On the first day of Congress delegates were met by members of the UCU UNITE staff branch (UCU officials and admin staff) distributing leaflets, which expressed their concern about the content of four of the motions tabled to be debated in Congress. The UNITE members believed that these motions undermined their employment rights, making them inappropriate for debate at Congress. The statement made clear that, should congress choose to debate them, the UNITE staff branch would walk out, effectively shutting down congress.
The first two motions that were objected to, called for a democracy review, in the light of how the USS strike action was paused, despite many branch representatives voicing their opposition to putting the UUK ‘offer’ to a ballot. The contentious part for the UNITE branch was the demand to review the status of unelected officials and a call for UCU officials to be elected. This was considered to be an attack on their terms and conditions, and ultimately, the jobs of UCU officials who, throughout the history of the UCU, have been appointed. The Sheffield delegates who had sent in the motion, agreed to delete the controversial part. This motion went on to be passed. The final two motions (motions 10 and 11) called respectively for the General Secretary’s resignation with immediate effect and her censure, due to her conduct of the USS dispute. The movers of the motions asserted their view that the majority of branches wished for the strike to continue into the summer term and that this was ignored and overridden by SH in her address in the e-ballot email. The UNITE branch considered that these motions were unacceptable as the GS is an employee of the UCU and has a right to due process according to employment law.
There were discussions between UNITE and the branches, which had voted for and sent in the motions, these delegates insisted that the motions did not intend to sack Sally Hunt but to hold her to account for decisions taken during the dispute. There was no agreement reached. Congress voted overwhelmingly to debate the motions, and there followed a walk out of the UCU UNITE branch, who were joined by all the elected officers on the platform and some of the congress delegates.
The majority of congress remained in the room. This happened on three occasions.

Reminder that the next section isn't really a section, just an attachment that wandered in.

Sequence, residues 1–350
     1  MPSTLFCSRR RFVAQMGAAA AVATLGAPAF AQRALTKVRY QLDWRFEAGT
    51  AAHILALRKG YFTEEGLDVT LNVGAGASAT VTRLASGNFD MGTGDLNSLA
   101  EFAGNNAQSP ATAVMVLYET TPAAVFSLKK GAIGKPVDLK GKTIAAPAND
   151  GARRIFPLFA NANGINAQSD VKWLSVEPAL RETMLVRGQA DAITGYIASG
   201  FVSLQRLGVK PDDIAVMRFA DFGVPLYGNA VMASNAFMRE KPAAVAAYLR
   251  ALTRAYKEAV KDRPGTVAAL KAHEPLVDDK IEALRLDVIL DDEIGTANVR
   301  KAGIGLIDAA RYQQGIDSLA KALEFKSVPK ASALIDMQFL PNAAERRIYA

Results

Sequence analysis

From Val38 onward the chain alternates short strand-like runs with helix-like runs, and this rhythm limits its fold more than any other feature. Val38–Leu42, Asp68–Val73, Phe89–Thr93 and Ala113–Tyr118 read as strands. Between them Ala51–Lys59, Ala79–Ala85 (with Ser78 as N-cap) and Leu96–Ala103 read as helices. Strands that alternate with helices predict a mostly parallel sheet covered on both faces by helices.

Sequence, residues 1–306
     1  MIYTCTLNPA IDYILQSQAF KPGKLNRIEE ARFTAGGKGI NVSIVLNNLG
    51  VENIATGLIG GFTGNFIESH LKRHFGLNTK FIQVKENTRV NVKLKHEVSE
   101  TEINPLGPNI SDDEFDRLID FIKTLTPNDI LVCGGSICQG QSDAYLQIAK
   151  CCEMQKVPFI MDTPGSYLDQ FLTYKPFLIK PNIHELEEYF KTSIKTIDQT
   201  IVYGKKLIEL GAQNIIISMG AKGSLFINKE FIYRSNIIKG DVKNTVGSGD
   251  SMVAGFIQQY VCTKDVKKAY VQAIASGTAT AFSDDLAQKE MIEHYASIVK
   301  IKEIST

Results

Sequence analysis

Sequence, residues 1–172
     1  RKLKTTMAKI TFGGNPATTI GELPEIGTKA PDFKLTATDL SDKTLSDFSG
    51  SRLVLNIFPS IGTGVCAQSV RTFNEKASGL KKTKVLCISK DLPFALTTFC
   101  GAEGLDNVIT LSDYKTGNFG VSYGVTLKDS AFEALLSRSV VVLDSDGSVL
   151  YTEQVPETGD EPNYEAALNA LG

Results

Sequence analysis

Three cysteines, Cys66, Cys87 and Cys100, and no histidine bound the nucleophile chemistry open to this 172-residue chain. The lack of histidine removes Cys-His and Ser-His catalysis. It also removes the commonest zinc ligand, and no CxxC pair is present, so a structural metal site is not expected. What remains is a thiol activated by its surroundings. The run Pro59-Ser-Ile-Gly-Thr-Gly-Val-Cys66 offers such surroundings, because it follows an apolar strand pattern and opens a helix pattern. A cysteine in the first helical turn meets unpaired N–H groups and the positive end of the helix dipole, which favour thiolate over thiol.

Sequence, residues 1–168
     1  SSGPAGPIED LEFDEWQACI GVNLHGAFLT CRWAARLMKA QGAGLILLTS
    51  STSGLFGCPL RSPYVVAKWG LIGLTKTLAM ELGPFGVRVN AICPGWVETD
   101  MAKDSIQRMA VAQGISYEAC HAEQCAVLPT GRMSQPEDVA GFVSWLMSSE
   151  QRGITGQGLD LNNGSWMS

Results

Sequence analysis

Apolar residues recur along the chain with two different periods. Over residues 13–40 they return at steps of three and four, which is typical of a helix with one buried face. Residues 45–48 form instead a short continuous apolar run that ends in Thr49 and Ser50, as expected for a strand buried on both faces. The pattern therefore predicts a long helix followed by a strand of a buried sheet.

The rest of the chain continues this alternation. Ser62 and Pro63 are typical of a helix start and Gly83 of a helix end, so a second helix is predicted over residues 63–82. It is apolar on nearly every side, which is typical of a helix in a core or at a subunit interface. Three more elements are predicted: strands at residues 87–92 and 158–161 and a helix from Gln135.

Before the third walk out congress passed a motion calling for a recall of congress in order that to discuss these issues as well as all the motions that were not addressed because of the walk outs.
After the third and final walk out by the staff, the elected offers on the platform and some delegates, the head of legal services (not the president) returned to the hall to announce that the staff would not return to the congress floor until the motions were withdrawn. The majority of delegates remained in the hall and held a meeting to discuss where to go next. A statement was discussed and amended by a number of delegates (many first time). The meeting agreed on a statement to be circulated to the membership. The statement urged branches and regions to meet as soon as possible to discuss these developments with their members.
Prior to the first walk out important 3 motions were debated relating to conduct of non-statutory ballots (motion 7); UCU structures and decision making: democracy, transparency and ‘plain English (motion 8)’; Union transparency and accountability during disputes. They were all passed by congress.
Sally Hunt’s address emphasised the highly successful USS national dispute, which inspired local action in FE over pay. She highlighted repeatedly how this year had been a turnaround year for the union and how we had defeated the anti trade union laws. She spoke of the 16,000 increase in membership, winning a variety of local disputes and of UCU’s growing political influence and all of this a tribute to the hard work of members in the branches.
The HE conference experienced no disruption and a number of key issues were debated, including following: the Pay campaign and industrial action; demand for USS negotiators to restore status quo and government protection for USS; USS dispute: National Dispute Committee; campaigning on VC and SMT pay ; gender pay; precarious contracts and fixed term contracts; workload campaign; ; Redundancies and South Bank University and other post 92 institutions; HESC monitor JEP; Transparency and confidentiality of JEP ; the University is Ours ; instructional racism and recruitment, retention and promotion of BAME staff; recruitment, retention and promotion of BAME staff; recruitment, retention and promotion of LGBTQi staff, and we also heard concerns around Lecture Capture at Open University and its use across the sector.
Many of the proposers of motions were first time delegates and many of these were young or new activists, who had become involved as result of the USS dispute
Report by Goldsmiths Delegate Marian Carty